Thursday, February 28, 2008

Irène Némirovsky

I just recently have discovered I. Nemirovsky's Suite Française, thanks to Clara. I was going to write up a quick bio, but found that the Washington Post Book World section has already done that very nicely. I'll include that here:

"This extraordinary work of fiction about the German occupation of France is embedded in a real story as gripping and complex as the invented one. Composed in 1941-42 by an accomplished writer who had published several well-received novels, Suite Française, her last work, was written under the tremendous pressure of a constant danger that was to catch up with her and kill her before she had finished.

"Irène Némirovsky was a Jewish, Russian immigrant from a wealthy family who had fled the Bolsheviks as a teenager. She spent her adult life in France, wrote in French but preserved the detachment and cool distance of the outsider. She and her husband were deported to Auschwitz in 1942, where he was gassed upon arrival and she died in the infirmary at the age of 39. Her manuscript, in minuscule and barely readable handwriting, was preserved by her daughters, who, ignorant of the fact that these notebooks contained a full-fledged masterpiece, left it unread until 60 years later. Once published, with an appendix that illuminates the circumstances of its origin and the author's plan for its completion, it quickly became a bestseller in France. It is hard to imagine a reader who will not be wholly engrossed and moved by this book."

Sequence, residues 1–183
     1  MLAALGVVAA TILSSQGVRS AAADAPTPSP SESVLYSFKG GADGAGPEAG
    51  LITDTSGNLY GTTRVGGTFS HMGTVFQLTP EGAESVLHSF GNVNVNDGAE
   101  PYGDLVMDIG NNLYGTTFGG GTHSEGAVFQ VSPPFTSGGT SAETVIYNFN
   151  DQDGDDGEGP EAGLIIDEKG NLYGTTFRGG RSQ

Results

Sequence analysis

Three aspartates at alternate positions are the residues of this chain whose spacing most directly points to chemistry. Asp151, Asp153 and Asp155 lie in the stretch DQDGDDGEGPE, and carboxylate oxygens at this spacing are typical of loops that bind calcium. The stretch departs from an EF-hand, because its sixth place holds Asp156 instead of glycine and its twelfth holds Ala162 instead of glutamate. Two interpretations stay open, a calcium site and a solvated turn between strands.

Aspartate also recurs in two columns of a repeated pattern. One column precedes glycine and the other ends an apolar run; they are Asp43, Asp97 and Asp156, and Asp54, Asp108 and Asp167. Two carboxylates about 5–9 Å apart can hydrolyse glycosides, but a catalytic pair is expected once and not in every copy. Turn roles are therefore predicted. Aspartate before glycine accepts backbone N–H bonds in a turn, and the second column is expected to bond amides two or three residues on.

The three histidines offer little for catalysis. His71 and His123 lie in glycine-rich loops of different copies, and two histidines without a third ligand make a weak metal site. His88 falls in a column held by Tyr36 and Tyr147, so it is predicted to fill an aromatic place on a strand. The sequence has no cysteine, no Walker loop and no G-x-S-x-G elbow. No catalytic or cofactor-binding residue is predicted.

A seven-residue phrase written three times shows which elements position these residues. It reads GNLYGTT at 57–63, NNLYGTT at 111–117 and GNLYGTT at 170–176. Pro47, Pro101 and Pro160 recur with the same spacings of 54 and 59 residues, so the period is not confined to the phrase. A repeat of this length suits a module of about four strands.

I would add to this that her writing style has hints, though to a lesser degree, of the same unsympathetic and objetive, almost cruel, relationship with her created characters, that Muriel Spark and Penelope Fitzgerald also have. That is not to say that her characters are lifeless, inhuman or uninteresting... but rather, they illuminate rather uncomfortable weaknesses that are often hidden but endemic to the human condition. It is as if they are under the harsh light of an operating table, shown in high relief. Endlessly, but somewhat gruesomely, fascinating.

I think, though, that it is not just the human condition that N. is trying to describe, but particularly that of the French character. I think the Book World author hints at this when she says that the tone is clearly one from an outsider. This is someone intimate with France, yet not one of them. N. is looking at a people (of course with particular exceptions) who, though of varied social and economic backgrounds, surrendered and eventually were complicit with their enemies.

To me it constantly brought to mind, as I read, Winston Churchill's speech in wake of huge French and Belgian military disasters, concluding with:

"We shall go on to the end, we shall fight in France, we shall fight on the seas and oceans, we shall fight with growing confidence and growing strength in the air, we shall defend our Island, whatever the cost may be, we shall fight on the beaches, we shall fight on the landing grounds, we shall fight in the fields and in the streets, we shall fight in the hills; we shall never surrender, and even if, which I do not for a moment believe, this Island or a large part of it were subjugated and starving, then our Empire beyond the seas, armed and guarded by the British Fleet, would carry on the struggle, until, in God's good time, the New World, with all its power and might, steps forth to the rescue and the liberation of the old."

It does seem marked that the British endured the Blitz and never surrendered, while only six days after the entry of Paris the French signed an armistice with Hitler.

This is no simple castigation of a faceless crowd though... N. shows one by one the personalities and motivations that lead them to this place.

1 comment:

elrj said...

Oh, you said Muriel Sparks and it was dead to me. Can you explain why people like her? (sorry, I know this comment is off topic)